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Title:Electron paramagnetic resonance of myoglobin and related ferrous complexes
Author(s):Hendrich, Michael Paul
Doctoral Committee Chair(s):Debrunner, Peter G.
Department / Program:Physics
Subject(s):Electron paramagnetic resonance (EPR)
ferrous complexes
Abstract:Electron paramagnetic resonance spectra of myoglobin (Mb), the 02-storage protein of mammals, are reported for the first time. The EPR signals arise from the biologically active ferrous deoxyMb and photolyzed oxyMb, Mb"(2) complexes. Similar EPR signals were also discovered in photolyzed carbonmonoxy Mb, Mb*(CO), and from a model heme complex. The EPR signals in this work are from non-Kramers doublets which are not usually EPR active. These integer spin systems are nondegenerate in B = 0 and therefore split quadratically in B. In order to interpret the signals, a simulation program based on the spin Hamiltonian Illi = S·D·S + (3S.g.B was developed. The experimental EPR spectra are rather broad. and analysis shows that the components of the tensor D have to be distributed in order to explain the lineshapes. The EPR signals from Mb and Mb*(CO) could be simulated well with this model, but not the Mb*(02) signals. It is suggested that the Mb*(02) spectrum results from magnetic coupling between the iron spin S = 2 and 02 spin S = 1. The model was tested on single crystals of magnetically dilute ferrous fluosilicate and found to be satisfactory. In addition, EPR data and simulations are presented for two ferrous solution complexes. The findings disagree with a previous report, and a iv flaw in the simulation of field -swept spectra is discussed. Further characterization of the complexes with magnetic susceptibility supports the EPR analysis presented here. The magnitude of the splitting of the non-Kramers doublet in zero magnetic field is crucial for observation of signals. The measurements were made using X (9 GHz) and Q (35 GHz) band microwave spectrometers and demonstrate the need for higher frequency measurements as only a fraction of the molecules give signals at 9 GHz. The EPR spectra of high-spin ferrous complexes are shown to be quite sensitive to the iron environment. As with most transition metal complexes, the EPR signals are observed only at low temperatures (T < 77 K).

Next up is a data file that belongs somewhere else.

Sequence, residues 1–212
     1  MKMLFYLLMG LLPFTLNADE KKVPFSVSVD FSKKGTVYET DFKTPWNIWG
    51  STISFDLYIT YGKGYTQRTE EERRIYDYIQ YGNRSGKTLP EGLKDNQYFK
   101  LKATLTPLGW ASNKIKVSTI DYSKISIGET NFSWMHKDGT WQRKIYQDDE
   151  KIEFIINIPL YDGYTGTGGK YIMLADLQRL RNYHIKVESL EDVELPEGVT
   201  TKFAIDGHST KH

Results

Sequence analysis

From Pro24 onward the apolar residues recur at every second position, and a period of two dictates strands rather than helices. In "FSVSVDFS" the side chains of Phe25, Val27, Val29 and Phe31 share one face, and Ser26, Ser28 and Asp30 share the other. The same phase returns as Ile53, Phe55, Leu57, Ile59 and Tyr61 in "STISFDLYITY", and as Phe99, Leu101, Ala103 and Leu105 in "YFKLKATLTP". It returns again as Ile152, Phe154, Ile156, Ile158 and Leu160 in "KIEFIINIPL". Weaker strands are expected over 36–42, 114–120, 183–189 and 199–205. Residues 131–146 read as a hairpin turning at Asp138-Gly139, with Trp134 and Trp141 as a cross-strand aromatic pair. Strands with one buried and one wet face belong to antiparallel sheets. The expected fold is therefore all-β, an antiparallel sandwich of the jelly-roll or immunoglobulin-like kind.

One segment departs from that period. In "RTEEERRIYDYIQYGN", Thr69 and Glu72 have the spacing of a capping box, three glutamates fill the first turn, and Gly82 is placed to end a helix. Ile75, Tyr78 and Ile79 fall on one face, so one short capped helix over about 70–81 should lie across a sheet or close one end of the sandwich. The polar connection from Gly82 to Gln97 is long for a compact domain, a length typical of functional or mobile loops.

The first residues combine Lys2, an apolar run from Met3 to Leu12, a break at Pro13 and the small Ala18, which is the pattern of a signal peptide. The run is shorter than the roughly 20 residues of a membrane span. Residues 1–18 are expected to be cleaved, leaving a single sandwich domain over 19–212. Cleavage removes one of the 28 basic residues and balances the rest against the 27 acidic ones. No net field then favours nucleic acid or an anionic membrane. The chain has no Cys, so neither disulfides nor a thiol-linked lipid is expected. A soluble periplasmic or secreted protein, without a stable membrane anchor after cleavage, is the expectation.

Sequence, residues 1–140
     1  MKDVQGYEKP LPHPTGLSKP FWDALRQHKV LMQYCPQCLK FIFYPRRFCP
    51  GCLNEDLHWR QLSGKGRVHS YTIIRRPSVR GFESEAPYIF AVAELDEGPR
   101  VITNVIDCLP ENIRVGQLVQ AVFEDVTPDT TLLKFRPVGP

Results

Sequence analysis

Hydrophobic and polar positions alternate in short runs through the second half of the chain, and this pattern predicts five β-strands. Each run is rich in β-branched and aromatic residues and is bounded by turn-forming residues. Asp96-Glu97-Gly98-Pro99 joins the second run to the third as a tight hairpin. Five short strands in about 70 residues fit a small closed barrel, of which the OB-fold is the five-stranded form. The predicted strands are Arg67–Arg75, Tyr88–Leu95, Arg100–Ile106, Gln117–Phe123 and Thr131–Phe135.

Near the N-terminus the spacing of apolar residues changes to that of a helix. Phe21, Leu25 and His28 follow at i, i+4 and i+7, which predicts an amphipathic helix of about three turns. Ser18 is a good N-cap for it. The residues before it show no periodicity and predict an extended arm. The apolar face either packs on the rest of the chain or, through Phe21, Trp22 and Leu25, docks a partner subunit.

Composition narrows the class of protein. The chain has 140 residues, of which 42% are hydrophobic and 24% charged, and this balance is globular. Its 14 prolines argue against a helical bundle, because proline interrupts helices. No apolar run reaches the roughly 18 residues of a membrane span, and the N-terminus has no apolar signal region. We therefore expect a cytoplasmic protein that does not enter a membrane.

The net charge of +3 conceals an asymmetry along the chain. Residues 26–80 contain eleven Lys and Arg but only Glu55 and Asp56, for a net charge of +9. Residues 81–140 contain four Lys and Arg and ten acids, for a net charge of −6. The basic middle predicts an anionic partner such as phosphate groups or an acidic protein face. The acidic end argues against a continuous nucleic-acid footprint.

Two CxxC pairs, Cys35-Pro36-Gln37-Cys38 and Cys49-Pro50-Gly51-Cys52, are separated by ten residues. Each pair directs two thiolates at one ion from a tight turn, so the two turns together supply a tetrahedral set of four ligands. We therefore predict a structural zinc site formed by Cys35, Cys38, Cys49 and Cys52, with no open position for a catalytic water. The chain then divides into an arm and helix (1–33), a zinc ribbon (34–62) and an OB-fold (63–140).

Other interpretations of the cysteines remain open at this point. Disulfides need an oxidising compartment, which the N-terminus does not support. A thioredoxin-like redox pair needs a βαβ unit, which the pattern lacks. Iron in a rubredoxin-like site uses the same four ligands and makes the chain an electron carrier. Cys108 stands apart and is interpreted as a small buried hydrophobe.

Issue Date:1988
Genre:Dissertation / Thesis
Rights Information:1988 Michael Paul Hendrich
Date Available in IDEALS:2011-05-17
Identifier in Online Catalog:1856960

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